MBA in the Middle East - an Emerging Market

“Economic growth in the Middle East and Africa is expected to grow twice as fast as advanced economies for the next five years.” This said Alex Chisholm, GMAC director, statistical analysis.

MBA in the Middle East - an Emerging Market

According to a recent research, made by Graduate Management Admission Council (GMAC), for the last five years, the number of unique GMAT test taker increased with 29 percent for the Middle East and 47 percent for Africa. Although small compared with other global regions – 6,640 unique test takers living in the Middle East and 3,207 in Africa in Testing Year 2011, many countries in the two world regions are growing rapidly and show promise for continued expansion.  This, combined with the increase of construction projects in the Middle east will create job opportunities and need of highly educated managers in the two world regions.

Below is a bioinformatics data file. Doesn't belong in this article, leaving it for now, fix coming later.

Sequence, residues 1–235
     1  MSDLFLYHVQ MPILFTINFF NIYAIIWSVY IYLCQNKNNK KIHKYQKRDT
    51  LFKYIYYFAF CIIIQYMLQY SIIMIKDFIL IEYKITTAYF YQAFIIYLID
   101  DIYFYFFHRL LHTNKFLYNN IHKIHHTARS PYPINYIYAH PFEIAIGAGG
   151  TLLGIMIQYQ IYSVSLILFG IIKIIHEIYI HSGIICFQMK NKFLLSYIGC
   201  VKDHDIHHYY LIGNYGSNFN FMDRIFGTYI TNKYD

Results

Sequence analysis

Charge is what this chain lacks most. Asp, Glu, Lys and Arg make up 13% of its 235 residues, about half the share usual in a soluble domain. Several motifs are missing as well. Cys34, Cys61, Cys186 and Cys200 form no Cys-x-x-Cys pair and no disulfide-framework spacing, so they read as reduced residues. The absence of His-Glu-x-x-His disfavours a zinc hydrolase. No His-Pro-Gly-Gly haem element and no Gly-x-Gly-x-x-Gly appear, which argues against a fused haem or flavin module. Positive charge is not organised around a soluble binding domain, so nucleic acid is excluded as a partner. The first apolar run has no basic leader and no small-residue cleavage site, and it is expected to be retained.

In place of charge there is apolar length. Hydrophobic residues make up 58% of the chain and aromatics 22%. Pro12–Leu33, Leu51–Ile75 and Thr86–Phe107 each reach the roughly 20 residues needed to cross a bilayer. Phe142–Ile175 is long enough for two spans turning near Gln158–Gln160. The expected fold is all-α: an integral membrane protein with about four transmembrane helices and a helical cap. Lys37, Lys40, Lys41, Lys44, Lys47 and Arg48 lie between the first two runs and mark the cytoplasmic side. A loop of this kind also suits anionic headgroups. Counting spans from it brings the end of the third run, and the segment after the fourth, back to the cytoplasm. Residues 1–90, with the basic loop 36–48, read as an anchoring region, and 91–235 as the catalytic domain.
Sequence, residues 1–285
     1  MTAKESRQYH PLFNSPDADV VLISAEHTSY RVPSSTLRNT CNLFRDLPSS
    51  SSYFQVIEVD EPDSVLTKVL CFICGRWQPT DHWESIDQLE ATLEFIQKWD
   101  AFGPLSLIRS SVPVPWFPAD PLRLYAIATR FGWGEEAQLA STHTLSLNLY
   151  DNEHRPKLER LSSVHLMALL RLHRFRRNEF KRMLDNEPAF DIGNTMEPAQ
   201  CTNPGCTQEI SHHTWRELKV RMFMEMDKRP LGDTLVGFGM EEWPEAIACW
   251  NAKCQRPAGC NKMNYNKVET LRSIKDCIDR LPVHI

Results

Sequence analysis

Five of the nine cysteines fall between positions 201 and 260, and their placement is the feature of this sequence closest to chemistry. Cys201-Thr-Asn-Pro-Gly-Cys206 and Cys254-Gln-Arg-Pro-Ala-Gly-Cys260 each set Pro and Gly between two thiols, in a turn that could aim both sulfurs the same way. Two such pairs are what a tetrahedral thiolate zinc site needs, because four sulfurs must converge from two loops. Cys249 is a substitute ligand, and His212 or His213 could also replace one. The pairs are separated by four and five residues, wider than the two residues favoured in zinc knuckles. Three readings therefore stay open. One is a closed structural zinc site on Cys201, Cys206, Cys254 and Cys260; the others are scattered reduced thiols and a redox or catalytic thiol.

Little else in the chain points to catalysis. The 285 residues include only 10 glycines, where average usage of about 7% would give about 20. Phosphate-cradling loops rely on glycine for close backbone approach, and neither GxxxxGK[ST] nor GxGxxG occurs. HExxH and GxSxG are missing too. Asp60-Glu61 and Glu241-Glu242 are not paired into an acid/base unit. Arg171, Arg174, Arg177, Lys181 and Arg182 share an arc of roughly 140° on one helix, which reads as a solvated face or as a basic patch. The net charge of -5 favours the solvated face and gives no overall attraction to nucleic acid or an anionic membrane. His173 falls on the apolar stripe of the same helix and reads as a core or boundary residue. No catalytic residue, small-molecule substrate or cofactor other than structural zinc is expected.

Chisholm adds, that Economic growth “should create job opportunities and increase the ability of families to afford graduate education,” said Alex Chisholm, GMAC director, statistical analysis. “When combined with significant growth in the number of 20- to 29-year-olds in Africa and growing participation in higher education across both regions, it’s clear that several student demand factors are aligning in a positive way.”

The GMAC’s Prospective Students Survey  reveals also other interesting facts and tendencies for the both regions. For example the differences in motivation.  In the Middle East, the increased job opportunities are the top reason why the citizens want to pursue graduate management education. On the other hand the African citizens want mainly to improve their skills.

There are also big differences among countries in Middle East and Africa. For example, women represent 60 percent of the Kenyan GMAT takers, but only 23 percent of Saudi Arabian residents.

But MBA demand is high in both regions, compared with the global numbers. 73 percent of GMAT score reports sent by both African and Middle Eastern citizens in TY2011 were directed toward MBA programs, compared with 67 percent globally.

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